Dining with Big Brother

Does service with a scowl put you off your lunch? Will you eat more greens if you are surrounded by plants? Does romantic, pink lighting encourage you to linger over your fruit salad?

by: Emma Thomasson | 15 Oct 2007

A new research centre dubbed the "restaurant of the future", at the Dutch university of Wageningen hopes to help answer these questions and more by tracking diners with dozens of unobtrusive cameras and monitoring their eating habits.

"We want to find out what influences people: colours, taste, personnel. We try to focus on one stimulus, like light," said Rene Koster, head of the Centre for Innovative Consumer Studies, as overhead bulbs switched through green, red, orange and blue.

"This restaurant is a playground of possibilities. We can ask the staff to be less friendly and visible or the reverse," he said. "The changes must be small. If you were making changes every day it would be too disruptive. People wouldn't like it."

The stylish new facility has glass walls, black marble countertops, a polished bamboo floor and self-service tills which allow diners to scan their lunch while they and their trays are weighed by a set of scales built into the floor.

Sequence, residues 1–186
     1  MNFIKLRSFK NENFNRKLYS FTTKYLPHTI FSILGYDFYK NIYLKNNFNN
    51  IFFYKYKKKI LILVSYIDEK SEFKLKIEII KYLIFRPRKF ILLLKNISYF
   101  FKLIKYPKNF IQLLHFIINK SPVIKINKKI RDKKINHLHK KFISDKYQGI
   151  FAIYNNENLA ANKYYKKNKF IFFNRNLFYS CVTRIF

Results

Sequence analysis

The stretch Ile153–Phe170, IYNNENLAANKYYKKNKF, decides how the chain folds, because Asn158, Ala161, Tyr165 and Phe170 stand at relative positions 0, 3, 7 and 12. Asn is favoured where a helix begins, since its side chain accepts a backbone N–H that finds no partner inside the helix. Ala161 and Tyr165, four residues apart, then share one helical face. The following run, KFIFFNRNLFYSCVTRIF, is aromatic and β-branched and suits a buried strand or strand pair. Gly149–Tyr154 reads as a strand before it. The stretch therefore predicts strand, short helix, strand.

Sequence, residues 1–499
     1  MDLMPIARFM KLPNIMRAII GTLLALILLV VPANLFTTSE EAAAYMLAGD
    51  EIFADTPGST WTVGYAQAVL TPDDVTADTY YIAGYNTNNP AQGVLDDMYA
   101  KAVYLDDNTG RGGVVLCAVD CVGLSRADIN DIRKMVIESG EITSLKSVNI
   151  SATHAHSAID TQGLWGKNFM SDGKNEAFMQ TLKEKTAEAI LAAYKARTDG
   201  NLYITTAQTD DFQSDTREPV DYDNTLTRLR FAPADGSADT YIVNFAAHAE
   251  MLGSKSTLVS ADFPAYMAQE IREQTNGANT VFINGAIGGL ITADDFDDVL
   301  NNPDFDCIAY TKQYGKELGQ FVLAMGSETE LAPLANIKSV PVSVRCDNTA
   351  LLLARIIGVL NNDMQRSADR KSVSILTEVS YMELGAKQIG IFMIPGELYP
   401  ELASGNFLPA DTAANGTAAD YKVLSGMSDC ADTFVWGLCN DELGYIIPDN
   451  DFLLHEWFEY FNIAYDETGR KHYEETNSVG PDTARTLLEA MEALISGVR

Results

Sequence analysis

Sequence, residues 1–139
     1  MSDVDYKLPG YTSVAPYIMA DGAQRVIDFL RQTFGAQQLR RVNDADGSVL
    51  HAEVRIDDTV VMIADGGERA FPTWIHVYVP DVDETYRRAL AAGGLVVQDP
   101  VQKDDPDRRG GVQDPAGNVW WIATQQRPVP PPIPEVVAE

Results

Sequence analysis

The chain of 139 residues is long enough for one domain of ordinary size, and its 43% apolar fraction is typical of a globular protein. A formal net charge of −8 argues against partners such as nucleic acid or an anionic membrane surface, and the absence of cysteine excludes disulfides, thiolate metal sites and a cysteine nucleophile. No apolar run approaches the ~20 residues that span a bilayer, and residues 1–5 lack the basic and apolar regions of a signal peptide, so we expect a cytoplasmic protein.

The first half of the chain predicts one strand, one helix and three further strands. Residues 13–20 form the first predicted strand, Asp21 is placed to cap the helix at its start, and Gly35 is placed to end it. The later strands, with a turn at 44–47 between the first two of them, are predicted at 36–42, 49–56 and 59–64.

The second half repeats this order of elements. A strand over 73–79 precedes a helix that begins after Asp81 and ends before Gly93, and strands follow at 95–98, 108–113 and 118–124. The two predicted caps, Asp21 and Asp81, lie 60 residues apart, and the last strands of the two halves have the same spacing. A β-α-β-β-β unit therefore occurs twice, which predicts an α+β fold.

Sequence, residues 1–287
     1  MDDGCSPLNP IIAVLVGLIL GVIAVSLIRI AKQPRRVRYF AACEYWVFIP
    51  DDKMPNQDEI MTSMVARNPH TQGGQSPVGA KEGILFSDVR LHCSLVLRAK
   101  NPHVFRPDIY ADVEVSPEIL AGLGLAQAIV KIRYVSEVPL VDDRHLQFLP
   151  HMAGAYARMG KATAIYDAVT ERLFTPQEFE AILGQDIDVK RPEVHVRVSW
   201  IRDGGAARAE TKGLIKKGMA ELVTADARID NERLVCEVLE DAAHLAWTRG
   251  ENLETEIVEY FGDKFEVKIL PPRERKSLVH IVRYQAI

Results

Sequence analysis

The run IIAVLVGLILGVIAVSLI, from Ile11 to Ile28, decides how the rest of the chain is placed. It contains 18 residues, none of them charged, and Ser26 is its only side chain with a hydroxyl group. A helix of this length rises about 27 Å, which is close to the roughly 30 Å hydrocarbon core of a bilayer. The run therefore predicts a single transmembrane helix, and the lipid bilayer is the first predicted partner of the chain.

University staff who want to eat at the new restaurant have to sign a consent form agreeing to be watched.

Big Brother is watching
From a control room, researchers can direct cameras built into the ceiling of the restaurant to zoom in on individual diners and their plates. They watch how people walk through the restaurant, what food catches their eye, whether they always sit at the same table and how much food they throw away.

"You're already watched by cameras everywhere so what difference does it make here?" said Bert Visser, a plant scientist. "Presentation really influences what you choose."

Unconscious choices
Koster said researchers can experiment with variables like noise, smells, furniture and food packaging. Is the same ham and cheese sandwich more appealing if it is wrapped in cellophane, under a glass cover or on offer in a vending machine?

The kitchen staff are also being spied on, cameras watch how they work with new gadgets like adjustable work benches and cleaning hoses: "It's not to see if they are working hard but how they are working," Koster said.

Koster wants to experiment with how to reduce food wastage and encourage people to sort leftovers into a biogas generator, perhaps by telling them how much energy they are saving.

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